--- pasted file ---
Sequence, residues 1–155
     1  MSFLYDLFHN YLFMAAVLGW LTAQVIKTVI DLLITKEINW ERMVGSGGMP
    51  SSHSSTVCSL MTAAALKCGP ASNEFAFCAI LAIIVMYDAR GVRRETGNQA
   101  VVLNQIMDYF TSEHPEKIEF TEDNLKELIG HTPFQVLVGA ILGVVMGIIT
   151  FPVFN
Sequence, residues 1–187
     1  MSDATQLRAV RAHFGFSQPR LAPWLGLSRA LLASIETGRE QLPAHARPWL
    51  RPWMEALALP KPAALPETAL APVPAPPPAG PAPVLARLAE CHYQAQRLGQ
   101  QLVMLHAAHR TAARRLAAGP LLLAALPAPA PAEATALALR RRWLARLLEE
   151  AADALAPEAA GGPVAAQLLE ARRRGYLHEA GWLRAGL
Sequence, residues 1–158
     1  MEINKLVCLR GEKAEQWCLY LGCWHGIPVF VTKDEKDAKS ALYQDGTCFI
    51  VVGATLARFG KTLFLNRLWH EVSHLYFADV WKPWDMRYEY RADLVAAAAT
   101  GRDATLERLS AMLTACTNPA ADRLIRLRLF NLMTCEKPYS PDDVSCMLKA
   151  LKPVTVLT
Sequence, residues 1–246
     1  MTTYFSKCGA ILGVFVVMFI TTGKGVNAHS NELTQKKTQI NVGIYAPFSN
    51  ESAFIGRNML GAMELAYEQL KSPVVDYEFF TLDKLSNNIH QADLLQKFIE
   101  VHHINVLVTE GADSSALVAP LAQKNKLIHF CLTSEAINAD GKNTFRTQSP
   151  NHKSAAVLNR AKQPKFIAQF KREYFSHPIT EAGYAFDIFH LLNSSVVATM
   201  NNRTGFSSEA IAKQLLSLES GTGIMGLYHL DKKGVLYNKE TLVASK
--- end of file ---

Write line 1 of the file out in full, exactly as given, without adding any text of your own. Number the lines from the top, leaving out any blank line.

Sequence, residues 1–155